In July, Aaron Oxley took his iPhone with him to London, Dubai and Bangkok. Mr. Oxley said in an e-mail message that he was aware that there would be international roaming data charges, so he always made sure he was in an area with free Wi-Fi when he used his iPhone to access the Internet. But when Mr. Oxley’s AT&T bill arrived, the data charges totaled $300.

When Mr. Oxley called AT&T, he was told that even though he was using Wi-Fi, there was still a data transfer charge.

Indeed, according to Mr. Smith, the AT&T representative, iPhone owners are not charged for Wi-Fi connections. Mr. Oxley eventually received a full refund for the $300 roaming data charge.

Mr. Dingman said it didn’t occur to him to disable the e-mail feature. AT&T eventually reversed the charges, but only after Mr. Dingman signed up for a $24.99-a-month global data plan.

AT&T is not automatically crediting customers for such charges. Mr. Smith said that each complaint is being evaluated case by case.
Point the first. AT&T has screwed up. The plan advertised in the U.S. is all you can eat data, no asterisk.

Contracts of adhesion are bullshit. You've not negotiated anything, they're completely one sided, and in most cases there's even a line about how they can be changed simply by the issuing company posting a change on their website. That isn't a contract. It's a party in your wallet.

Fortunately the courts are starting to agree, even the Republican judges, since such nonsense flies in the face of their thrown way of thinking about finance. Which is nice, since it violates our thrown way of what's fair and just as well. Good times. But not in every court and most big companies still put in silly boilerplate notices.

Point the second. Customer Service has one purpose and one purpose only. Making sure the customer (actually everyone) says to herself after every interaction: "Wow. They really took care of me."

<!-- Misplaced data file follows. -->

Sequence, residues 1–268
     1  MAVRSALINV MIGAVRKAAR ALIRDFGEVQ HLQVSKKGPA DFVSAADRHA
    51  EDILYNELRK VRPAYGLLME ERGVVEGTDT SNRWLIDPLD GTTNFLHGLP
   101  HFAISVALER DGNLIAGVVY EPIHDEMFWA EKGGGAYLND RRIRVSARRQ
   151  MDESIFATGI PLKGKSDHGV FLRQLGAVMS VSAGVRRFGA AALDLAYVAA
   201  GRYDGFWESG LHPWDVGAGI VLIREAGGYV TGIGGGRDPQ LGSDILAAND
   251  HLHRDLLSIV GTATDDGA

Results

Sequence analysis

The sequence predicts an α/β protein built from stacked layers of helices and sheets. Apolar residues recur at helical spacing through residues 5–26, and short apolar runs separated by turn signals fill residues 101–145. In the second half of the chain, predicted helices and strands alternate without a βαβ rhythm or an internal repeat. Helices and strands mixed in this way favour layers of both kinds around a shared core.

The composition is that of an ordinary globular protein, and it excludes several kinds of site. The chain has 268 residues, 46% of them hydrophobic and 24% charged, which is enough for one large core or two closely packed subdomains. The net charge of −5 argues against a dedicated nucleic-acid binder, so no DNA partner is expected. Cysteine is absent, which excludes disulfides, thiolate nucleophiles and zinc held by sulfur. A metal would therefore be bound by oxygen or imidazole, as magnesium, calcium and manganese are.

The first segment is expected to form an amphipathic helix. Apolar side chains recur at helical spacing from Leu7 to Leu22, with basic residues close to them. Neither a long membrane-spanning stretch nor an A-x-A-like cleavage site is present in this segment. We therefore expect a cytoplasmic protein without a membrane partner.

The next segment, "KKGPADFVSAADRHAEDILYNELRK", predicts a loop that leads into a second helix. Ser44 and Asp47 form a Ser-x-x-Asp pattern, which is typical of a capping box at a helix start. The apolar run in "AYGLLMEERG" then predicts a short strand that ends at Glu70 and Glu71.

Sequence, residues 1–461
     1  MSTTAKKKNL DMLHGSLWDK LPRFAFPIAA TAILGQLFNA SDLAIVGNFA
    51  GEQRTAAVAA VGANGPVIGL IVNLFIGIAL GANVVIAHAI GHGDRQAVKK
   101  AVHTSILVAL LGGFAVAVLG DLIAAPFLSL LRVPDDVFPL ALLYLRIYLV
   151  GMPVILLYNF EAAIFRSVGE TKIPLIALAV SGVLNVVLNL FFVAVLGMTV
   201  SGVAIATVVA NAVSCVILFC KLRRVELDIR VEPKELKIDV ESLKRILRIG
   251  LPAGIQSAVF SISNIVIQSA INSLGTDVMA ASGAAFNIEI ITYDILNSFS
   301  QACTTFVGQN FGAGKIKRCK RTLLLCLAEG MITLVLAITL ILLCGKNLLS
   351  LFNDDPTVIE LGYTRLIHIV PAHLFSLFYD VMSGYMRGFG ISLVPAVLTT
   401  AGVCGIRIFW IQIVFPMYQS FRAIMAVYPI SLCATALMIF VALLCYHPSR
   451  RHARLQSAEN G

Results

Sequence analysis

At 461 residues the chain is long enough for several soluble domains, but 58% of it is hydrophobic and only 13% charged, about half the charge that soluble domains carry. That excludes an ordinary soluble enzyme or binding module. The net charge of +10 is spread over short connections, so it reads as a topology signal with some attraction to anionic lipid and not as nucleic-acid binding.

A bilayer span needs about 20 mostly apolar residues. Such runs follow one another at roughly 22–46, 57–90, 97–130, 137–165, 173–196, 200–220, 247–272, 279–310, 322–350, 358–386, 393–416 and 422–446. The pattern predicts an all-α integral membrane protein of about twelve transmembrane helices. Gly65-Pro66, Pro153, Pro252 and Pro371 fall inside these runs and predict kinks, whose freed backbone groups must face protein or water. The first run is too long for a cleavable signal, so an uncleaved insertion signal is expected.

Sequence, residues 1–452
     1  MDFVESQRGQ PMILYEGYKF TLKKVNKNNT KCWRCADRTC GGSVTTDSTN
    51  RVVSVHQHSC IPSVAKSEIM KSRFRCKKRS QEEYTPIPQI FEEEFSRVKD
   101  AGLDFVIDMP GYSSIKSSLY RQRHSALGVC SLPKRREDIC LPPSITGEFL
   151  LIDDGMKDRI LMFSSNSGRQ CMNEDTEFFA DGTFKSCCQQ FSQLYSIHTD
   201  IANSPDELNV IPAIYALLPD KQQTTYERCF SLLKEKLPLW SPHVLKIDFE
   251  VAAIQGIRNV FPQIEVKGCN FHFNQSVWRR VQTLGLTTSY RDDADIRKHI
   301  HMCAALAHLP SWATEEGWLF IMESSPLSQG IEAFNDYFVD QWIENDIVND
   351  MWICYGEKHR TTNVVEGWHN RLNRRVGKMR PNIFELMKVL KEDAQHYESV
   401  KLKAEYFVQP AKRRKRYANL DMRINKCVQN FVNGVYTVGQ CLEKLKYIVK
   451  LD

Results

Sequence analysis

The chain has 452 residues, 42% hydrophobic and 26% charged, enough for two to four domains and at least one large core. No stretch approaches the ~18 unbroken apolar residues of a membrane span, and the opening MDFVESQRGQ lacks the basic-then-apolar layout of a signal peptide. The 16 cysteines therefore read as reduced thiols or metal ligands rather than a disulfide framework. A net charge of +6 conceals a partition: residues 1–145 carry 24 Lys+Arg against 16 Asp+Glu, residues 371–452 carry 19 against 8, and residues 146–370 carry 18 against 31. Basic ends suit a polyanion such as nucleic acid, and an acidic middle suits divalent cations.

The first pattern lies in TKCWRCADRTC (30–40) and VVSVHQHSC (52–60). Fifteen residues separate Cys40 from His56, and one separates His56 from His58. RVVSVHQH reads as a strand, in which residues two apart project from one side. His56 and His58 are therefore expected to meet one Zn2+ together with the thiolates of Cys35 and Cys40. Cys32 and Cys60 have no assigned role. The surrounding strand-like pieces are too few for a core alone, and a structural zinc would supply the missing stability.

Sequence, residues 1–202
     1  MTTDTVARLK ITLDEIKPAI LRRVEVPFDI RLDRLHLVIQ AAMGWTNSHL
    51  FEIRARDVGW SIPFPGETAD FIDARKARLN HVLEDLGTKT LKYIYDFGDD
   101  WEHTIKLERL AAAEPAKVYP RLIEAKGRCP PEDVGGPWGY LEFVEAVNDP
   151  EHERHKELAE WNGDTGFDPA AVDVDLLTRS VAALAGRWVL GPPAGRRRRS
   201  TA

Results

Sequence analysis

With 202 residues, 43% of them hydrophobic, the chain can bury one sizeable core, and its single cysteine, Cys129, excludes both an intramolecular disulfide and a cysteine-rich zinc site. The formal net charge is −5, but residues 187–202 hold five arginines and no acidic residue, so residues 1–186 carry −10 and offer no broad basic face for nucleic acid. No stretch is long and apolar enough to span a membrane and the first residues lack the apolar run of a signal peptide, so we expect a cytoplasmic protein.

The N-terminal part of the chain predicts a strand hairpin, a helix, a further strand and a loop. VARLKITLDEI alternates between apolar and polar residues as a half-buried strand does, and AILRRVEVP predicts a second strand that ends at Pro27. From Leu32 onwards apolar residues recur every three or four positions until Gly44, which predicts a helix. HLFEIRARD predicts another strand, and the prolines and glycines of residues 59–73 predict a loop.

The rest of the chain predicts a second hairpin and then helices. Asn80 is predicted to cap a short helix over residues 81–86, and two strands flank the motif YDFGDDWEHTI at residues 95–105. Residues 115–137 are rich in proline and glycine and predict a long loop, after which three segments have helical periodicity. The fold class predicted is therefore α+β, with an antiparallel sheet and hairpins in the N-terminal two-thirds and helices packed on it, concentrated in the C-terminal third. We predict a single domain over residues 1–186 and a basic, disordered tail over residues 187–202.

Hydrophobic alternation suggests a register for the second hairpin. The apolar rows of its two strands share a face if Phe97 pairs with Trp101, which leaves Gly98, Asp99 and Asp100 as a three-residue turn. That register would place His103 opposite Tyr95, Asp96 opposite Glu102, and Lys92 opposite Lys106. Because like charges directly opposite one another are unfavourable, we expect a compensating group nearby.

That's the opposite of what AT&T is doing here. Fools.

They're literally generating a PR disaster by refusing to fix their original fuck up. Bad customer service damaging one of the world's great designs, which hurts the Apple brand.

Point the third. The partnership with AT&T is damaging Apple's brand. Apple handled its own sales initially with the iPod which meant it could handle problems personally. When it screwed up, it fixed it. Just like Steve stepped in last week and gave all early iPhone owners $100 back due to the price cut on the new iPhone. Did he have to? No. But even without everyone all pissed off, it was the right thing to do so Jobs did it. Customer service.

AT&T doesn't grasp customer service from my ass. It used to. I had AT&T long distance precisely because their operators were polite and took care of me better than the other ones. Was worth it to me to pay a touch more. No longer.

In the name of cost-cutting AT&T has sacked being polite and making sure people are taken care of. Now they don't give a damn.

Which is why they haven't fixed this problem and each case is still being evaluated individually. While AT&T sits around with their thumb up their ass, people like me slam them in the press, Apple's brand gets hurt, and people who might have bought an iPhone go buy something else.

I hope that class action take them for a bundle.

In the meantime y'all, if you travel overseas with your iPhone (Canada, Mexico, Alaska, Hawaii?), make sure you sign up for the unlimited global data plan.